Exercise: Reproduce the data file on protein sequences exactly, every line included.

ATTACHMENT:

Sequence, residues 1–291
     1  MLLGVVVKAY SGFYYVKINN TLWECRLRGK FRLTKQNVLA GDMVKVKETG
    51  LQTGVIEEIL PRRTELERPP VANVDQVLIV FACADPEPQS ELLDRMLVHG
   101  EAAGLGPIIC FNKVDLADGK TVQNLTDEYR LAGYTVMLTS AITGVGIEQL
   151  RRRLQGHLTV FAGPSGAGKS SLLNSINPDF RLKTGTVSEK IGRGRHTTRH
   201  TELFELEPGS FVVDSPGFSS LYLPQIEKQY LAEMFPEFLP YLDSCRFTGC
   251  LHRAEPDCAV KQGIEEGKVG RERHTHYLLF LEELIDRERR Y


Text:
Sequence, residues 1–291
     1  MLLGVVVKAY SGFYYVKINN TLWECRLRGK FRLTKQNVLA GDMVKVKETG
    51  LQTGVIEEIL PRRTELERPP VANVDQVLIV FACADPEPQS ELLDRMLVHG
   101  EAAGLGPIIC FNKVDLADGK TVQNLTDEYR LAGYTVMLTS AITGVGIEQL
   151  RRRLQGHLTV FAGPSGAGKS SLLNSINPDF RLKTGTVSEK IGRGRHTTRH
   201  TELFELEPGS FVVDSPGFSS LYLPQIEKQY LAEMFPEFLP YLDSCRFTGC
   251  LHRAEPDCAV KQGIEEGKVG RERHTHYLLF LEELIDRERR Y